“People suffering from lower back pain often think a specific moment of extreme exertion triggered their sudden discomfort, even though simple daily tasks can just as easily contribute,” writes Fox News.
“When researchers asked 999 adults what caused their back problems, about two thirds blamed a specific experience on the day their pain surfaced. Because triggers for lower back pain can occur days or even weeks or months before the sudden onset of discomfort, however, it’s likely that many patients misplaced blame, said Dr. Scott Forseen, a back pain researcher at Georgia Regents University in Augusta.”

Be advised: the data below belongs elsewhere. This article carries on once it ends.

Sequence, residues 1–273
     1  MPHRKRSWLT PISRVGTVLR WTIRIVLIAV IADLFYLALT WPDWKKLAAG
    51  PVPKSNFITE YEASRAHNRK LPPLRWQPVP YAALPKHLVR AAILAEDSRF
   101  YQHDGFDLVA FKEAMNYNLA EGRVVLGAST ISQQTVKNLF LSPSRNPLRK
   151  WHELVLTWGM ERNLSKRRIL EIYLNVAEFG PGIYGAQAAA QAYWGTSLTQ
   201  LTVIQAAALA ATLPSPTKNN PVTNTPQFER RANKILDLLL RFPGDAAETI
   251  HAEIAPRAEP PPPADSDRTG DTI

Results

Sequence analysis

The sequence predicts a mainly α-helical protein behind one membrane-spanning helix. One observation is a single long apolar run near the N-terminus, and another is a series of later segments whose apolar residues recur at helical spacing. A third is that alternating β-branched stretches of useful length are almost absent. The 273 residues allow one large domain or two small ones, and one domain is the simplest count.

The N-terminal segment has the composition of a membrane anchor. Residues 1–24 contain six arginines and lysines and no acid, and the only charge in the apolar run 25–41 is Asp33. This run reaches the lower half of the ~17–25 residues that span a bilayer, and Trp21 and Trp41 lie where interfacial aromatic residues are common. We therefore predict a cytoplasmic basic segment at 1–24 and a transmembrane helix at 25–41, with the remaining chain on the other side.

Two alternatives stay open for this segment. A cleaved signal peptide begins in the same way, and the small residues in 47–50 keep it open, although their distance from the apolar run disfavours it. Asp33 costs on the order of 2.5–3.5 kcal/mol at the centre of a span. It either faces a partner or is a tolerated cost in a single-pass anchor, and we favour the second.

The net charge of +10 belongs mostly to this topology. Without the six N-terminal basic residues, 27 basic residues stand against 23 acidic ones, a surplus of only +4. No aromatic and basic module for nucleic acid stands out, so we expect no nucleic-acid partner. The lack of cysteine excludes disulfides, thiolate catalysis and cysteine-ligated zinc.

“Among the common triggers for lower back pain researchers asked about were lifting heavy or hard to grasp loads, vigorous exercise, sex, fatigue or drinking alcohol. Participants also specified whether exposure to the trigger was immediately before the pain started or within the previous 24 hours. Typically, the participants had around six previous episodes of lower back pain. Patients said the current flare up generally lasted about five days, including more than two days of reduced activity due to pain.”
“Knowing the specific root of a medical problem is important when it will impact treatment… But with back pain, pinpointing the culprit doesn’t make treatment more effective… Most people will get the same benefit from pain medication, activity recommendations and education about how to manage the episode whether or not doctors know what caused the pain.”